One could continue to hypothesise, but the remaining influential parties seem as dead set in their designs as the MPC. Other promising upstarts, namely the Patriotic Alliance and uMkhonto weSizwe, are potential game changers in the Western Cape and KwaZulu-Natal respectively. The former in particular could represent the greatest threat to DA dominance in the Cape, due to its support among Coloured people. And who knows, even though it doesn’t really count as far as numbers go, the ANC may find itself desperate enough to woo General Bantu Holomisa’s United Democratic Movement. In the Eastern Cape, ‘Njengele’ (that’s General to you, dear reader) is something of a Churchillian figure, and as a family friend of the Mandelas, it may believe he could sprinkle some of that Madiba magic back over an ailing Khongolose.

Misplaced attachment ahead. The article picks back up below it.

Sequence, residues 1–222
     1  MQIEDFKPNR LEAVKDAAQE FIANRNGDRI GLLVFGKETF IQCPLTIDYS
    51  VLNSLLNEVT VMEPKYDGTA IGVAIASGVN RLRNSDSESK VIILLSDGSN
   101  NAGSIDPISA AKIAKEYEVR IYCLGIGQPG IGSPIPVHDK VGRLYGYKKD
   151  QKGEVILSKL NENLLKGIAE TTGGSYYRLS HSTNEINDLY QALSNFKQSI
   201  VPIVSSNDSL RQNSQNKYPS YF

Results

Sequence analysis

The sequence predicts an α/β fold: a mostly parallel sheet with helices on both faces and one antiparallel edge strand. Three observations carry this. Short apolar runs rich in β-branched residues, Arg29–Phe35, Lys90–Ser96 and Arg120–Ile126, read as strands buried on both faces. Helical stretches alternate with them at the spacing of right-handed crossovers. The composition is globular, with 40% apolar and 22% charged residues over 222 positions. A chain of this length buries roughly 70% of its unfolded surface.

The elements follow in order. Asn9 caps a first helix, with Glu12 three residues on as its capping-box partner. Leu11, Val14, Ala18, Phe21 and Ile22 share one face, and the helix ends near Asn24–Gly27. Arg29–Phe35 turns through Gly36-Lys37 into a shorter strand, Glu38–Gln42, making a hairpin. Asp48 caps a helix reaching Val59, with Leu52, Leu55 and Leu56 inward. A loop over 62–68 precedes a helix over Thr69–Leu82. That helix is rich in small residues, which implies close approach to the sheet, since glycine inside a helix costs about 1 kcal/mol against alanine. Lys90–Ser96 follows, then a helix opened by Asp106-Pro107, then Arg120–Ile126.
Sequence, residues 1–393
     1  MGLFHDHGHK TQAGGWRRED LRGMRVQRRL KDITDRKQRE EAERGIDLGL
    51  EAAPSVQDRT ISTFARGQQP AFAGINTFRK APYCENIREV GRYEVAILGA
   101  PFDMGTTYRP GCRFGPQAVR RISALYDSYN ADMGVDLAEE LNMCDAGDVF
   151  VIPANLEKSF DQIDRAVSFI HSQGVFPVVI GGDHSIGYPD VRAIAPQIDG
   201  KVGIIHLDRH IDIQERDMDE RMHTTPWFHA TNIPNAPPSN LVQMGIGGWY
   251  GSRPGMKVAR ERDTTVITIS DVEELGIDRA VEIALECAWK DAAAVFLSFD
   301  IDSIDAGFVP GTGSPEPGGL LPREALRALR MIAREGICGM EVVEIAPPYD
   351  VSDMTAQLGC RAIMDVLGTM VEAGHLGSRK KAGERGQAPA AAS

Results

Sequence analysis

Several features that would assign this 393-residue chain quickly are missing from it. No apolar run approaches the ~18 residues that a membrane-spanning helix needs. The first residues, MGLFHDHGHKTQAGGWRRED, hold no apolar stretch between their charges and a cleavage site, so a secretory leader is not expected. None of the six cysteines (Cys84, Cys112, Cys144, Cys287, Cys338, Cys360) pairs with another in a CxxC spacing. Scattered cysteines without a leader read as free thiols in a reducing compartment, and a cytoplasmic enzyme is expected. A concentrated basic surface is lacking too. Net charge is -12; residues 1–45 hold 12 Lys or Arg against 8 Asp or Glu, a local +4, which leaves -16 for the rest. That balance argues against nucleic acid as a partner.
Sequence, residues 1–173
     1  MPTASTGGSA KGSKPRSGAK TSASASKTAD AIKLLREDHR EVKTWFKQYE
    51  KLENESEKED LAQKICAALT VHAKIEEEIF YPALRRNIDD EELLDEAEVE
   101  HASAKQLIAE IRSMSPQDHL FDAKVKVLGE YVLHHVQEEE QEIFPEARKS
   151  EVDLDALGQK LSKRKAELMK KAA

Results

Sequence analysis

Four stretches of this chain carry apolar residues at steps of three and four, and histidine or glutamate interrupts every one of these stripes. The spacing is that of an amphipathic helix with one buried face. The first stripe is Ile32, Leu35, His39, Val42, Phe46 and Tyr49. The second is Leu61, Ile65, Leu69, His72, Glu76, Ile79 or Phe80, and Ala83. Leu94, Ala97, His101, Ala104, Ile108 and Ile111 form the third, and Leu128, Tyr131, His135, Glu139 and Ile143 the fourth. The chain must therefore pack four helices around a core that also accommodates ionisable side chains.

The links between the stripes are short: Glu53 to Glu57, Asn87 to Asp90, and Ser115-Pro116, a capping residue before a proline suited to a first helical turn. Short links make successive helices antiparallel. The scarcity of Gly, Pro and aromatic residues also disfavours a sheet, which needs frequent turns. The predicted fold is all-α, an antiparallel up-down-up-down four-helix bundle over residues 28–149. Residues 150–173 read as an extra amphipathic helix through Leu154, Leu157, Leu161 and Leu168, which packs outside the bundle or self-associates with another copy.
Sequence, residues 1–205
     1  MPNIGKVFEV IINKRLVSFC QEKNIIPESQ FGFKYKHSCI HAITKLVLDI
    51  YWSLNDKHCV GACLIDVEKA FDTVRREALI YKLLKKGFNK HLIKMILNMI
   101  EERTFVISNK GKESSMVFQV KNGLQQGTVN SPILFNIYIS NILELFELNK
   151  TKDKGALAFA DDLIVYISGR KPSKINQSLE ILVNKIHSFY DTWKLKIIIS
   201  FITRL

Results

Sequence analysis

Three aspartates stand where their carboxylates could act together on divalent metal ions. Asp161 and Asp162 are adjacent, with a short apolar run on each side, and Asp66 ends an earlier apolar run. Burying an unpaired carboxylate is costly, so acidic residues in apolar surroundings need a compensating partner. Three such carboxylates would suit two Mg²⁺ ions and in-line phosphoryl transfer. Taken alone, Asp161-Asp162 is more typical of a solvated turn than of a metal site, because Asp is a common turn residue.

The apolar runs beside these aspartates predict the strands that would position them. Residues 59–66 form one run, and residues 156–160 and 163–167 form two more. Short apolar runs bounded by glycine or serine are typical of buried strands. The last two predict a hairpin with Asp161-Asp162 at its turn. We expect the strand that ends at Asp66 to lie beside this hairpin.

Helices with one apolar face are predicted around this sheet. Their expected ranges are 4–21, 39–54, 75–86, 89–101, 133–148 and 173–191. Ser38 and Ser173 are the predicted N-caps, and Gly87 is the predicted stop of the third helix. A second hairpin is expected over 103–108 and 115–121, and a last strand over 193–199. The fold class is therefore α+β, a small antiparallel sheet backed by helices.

FEATURED IMAGE: Democratic Alliance members putting up election posters in Colesberg. Image: eParkeni.

This is an edited version of an article that first appeared on Phakamisa Mayaba’s website, eParkeni.